I will always remember the way it felt walking into my nana’s house the first time after she died.
I walked into a house that looked and smelled the same way it did when my grandmother lived there. And for a split second, I expected to hear her coming around the corner or down the creaky, carpeted stairs in excitement. For a split second, I expected to smell the coffee and receive a multitude of coffee kisses. Or to see her leaned over the sink with her apron on, piping hot water steaming around her well-worked hands as she washed her favorite coffee cup.
I expected that feeling of home to be there. Even if she wasn’t.
For so many of my family Christmases and birthday celebrations, her house was home. It was falling asleep on her living room floor as I listened to her, my mom, and aunt talk. It was hearing the freezer door squeak open as my grandfather grabbed his before bed snack of ice cream, thinking no one would hear his shenanigans. It was her fruit compote in fancy bowls and my great-grandmother’s recipes fresh from the oven. It was running laps through the halls and hearing her call my name in delight.
But that day, as we worked to sort through the house the eve before Mother’s Day, it felt lonely, and it dawned on me how much mothers make a physical house a home. How they fill those walls with photos and the rooms with laughter. How they fill tummies with food and hearts with joy. How they make that house a refuge, a guiding light in the storm not because that house is built with wood or stone and can weather the elements.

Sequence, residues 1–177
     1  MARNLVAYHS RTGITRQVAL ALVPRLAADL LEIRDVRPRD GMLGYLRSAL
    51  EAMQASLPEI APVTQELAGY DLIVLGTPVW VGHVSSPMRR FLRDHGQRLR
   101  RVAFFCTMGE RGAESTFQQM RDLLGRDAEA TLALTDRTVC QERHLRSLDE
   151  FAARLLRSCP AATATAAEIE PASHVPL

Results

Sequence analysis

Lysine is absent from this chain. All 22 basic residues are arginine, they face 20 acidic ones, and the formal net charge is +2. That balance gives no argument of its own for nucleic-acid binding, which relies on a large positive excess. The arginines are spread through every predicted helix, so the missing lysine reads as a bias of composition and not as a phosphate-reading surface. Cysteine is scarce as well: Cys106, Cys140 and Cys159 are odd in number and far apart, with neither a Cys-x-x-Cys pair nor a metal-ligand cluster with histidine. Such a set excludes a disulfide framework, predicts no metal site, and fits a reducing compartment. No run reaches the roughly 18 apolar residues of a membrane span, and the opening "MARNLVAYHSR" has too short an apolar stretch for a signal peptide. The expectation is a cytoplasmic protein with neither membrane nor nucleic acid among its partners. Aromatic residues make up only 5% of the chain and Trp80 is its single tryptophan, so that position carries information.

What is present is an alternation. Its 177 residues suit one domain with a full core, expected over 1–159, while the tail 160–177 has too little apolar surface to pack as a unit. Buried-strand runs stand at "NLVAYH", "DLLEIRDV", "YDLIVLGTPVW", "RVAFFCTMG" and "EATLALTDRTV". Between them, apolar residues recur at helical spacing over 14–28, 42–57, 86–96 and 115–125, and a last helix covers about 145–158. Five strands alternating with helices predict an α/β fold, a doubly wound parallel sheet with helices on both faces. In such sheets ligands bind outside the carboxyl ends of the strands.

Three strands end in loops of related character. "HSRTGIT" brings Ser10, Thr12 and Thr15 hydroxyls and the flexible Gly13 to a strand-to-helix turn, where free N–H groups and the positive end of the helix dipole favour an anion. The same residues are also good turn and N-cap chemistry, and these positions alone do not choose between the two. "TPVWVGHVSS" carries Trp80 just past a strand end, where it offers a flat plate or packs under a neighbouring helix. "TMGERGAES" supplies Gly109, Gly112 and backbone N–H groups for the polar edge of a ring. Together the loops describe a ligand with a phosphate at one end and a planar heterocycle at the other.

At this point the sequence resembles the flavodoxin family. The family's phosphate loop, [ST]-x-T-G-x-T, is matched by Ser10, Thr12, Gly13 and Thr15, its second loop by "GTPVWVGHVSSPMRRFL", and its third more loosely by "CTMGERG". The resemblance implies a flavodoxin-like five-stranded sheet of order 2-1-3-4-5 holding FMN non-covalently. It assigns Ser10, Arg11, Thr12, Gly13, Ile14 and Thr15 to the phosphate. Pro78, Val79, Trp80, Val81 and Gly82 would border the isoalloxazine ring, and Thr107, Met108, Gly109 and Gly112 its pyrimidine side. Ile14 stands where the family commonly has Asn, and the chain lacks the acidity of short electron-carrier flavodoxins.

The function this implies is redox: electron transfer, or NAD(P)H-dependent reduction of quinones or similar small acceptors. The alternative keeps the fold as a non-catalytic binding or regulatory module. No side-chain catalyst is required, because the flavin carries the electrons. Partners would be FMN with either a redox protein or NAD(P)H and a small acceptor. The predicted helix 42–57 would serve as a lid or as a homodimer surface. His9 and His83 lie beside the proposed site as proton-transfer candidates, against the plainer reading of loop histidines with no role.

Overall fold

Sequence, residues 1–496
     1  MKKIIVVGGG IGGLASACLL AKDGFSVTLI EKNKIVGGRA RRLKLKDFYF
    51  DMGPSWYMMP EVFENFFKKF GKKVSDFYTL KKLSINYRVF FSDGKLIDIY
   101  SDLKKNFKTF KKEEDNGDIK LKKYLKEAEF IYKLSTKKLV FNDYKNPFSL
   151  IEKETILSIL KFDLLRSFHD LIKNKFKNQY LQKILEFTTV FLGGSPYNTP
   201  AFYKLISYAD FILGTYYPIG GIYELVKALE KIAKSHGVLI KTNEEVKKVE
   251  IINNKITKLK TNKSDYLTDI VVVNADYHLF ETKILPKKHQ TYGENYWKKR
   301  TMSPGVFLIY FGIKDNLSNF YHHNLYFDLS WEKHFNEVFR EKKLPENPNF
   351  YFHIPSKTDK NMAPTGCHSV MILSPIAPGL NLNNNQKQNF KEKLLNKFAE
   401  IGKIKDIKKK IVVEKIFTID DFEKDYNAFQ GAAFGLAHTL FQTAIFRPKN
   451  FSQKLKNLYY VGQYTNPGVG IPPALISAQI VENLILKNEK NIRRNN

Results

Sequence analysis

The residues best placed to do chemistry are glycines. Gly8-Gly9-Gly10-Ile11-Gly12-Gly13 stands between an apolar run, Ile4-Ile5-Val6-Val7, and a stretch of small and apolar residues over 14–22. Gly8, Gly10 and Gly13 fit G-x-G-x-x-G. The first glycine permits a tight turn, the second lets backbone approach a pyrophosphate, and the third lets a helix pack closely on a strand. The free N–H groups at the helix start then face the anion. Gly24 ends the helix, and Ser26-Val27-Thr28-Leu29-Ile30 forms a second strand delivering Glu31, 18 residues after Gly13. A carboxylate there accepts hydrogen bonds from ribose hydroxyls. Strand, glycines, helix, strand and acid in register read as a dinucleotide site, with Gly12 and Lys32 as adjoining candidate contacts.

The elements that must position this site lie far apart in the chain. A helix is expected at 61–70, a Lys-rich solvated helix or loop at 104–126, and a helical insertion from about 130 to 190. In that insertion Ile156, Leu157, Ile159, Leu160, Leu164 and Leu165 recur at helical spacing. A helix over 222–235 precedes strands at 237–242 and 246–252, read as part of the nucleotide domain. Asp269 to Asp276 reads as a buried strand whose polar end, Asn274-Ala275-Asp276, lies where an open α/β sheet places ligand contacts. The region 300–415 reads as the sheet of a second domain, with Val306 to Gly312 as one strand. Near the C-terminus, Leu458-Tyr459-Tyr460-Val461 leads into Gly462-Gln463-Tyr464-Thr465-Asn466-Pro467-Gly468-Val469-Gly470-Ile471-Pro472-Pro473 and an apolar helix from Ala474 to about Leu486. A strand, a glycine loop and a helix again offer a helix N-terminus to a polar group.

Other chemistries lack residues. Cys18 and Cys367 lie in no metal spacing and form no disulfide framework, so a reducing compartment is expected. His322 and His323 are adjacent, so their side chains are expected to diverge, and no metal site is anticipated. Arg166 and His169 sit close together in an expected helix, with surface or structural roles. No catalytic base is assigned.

But because that home is built on a mother’s love, a mother’s guidance, a mother’s patience—a solid foundation.
And then when that mother person in your life isn’t there . . . well, you find yourself a bit homeless. You find yourself a bit lost. You find yourself grieving home amidst the same physical walls that held so many memories.
Sifting through my grandmother’s items that day alongside my own mom—my home—I felt all those things. And in the days that followed, I prayed that no matter how many chapters I might be passing or failing in the parenting books, that at the very least, I was creating that same sense of home for my own children. I prayed they would feel grounded and surrounded by love even if I couldn’t completely calm their storm. And I prayed that even amidst life’s hits, I was giving them a solid foundation and sturdy roots.
I prayed I was giving them generations of a mother’s love.
And in a world that can often overlook the home you build, I hope that if you’re reading this, you remember what a gift you are to your family. I hope you know what a foundation you are—even when you’re convinced you’re failing or not doing enough. And I pray, even if they don’t say it like they could, you know how blessed your people are to have their safe haven, their roots, in you.